We’re back this Friday with more EleFACTs about male elephants. Have you heard of musth? This annual hormonal cycle naturally occurs in adult bull elephants and can last anywhere from a few days to as long as several months. Physical and behavioral changes are characterized by secretion of a hormone-rich substance, temporin, from facial glands, possible aggressive behavior, and a steady trickle of urine down the bull’s back legs. Two separate studies by M.R. Jainudeen and Dr. Joyce Poole, studying Asian and African elephants, respectively, suggest that testosterone levels increase up to 50 times higher than normal, leading to the potential for heightened levels of aggression.
For elephants in captivity, this period in their lives can be difficult. Asian male elephants can weigh up to 15,000 pounds (6,810 kg), and any behavioral changes during this time could make them dangerous to themselves, other bulls, and female elephants. It takes an extreme level of care and knowledge to properly care for elephants in musth. Even bulls who are normally docile can exhibit behaviors that are abnormally aggressive, made even more dangerous by unsafe or improper confinements. These totally normal behaviors often make males a target of abuse, mistreatment, and neglect in captivity.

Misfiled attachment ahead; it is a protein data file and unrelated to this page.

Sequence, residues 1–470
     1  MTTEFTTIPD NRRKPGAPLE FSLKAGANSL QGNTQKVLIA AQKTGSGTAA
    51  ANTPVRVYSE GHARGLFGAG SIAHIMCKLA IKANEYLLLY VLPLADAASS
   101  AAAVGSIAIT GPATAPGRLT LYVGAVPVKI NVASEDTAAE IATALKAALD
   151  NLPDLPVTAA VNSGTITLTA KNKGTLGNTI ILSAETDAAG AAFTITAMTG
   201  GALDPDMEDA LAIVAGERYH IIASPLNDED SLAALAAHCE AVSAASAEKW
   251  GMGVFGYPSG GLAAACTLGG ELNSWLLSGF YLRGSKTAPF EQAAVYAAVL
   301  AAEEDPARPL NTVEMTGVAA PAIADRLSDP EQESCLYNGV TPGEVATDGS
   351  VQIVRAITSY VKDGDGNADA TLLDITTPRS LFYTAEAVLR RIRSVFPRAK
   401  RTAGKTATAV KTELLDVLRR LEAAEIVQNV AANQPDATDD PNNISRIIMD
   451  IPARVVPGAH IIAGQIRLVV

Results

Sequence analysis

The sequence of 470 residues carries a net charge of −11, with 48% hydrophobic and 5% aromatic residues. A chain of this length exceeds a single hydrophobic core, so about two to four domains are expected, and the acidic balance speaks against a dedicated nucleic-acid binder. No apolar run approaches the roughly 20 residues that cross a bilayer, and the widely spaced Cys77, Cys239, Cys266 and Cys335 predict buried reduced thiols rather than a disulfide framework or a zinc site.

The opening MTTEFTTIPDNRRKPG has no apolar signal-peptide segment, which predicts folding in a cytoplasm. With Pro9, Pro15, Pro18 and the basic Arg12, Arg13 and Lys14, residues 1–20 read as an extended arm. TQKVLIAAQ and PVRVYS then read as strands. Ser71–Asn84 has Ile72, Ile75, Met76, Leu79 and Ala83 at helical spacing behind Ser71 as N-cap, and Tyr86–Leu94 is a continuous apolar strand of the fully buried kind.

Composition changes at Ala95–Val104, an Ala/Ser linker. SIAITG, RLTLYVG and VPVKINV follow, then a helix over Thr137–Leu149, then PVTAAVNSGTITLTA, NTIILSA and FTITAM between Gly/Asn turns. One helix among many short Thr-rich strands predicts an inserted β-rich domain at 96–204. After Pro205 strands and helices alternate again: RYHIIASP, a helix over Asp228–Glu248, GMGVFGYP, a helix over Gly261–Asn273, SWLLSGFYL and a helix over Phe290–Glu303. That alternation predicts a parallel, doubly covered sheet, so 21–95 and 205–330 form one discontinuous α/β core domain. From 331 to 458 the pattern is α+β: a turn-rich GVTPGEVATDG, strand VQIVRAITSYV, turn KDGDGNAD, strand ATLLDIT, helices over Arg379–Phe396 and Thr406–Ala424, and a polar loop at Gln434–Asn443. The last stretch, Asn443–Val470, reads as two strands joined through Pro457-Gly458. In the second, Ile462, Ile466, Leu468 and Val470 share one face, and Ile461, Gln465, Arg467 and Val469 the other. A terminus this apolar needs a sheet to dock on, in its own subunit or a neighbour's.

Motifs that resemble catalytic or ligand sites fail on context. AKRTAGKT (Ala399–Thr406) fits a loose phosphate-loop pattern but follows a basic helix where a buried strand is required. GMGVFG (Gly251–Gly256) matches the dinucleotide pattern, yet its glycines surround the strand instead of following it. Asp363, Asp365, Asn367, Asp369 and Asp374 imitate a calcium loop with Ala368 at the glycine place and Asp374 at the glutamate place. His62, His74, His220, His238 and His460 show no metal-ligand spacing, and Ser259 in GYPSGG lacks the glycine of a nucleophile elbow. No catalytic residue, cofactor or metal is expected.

Providing sanctuary to male elephants offers them the benefit of having the space and freedom to release the pent-up levels of energy, anger, or frustration that may develop during musth. The open space allows them to roam on their own and release their feelings by knocking over a tree, fighting with a boulder, or splashing in a pond rather than taking them out on other elephants or even human keepers. In sanctuary, we can furnish an appropriate environment for these bull elephants to naturally express their feelings and reactions to the biological changes in their bodies, rather than suppress them and cause further damage to themselves or others.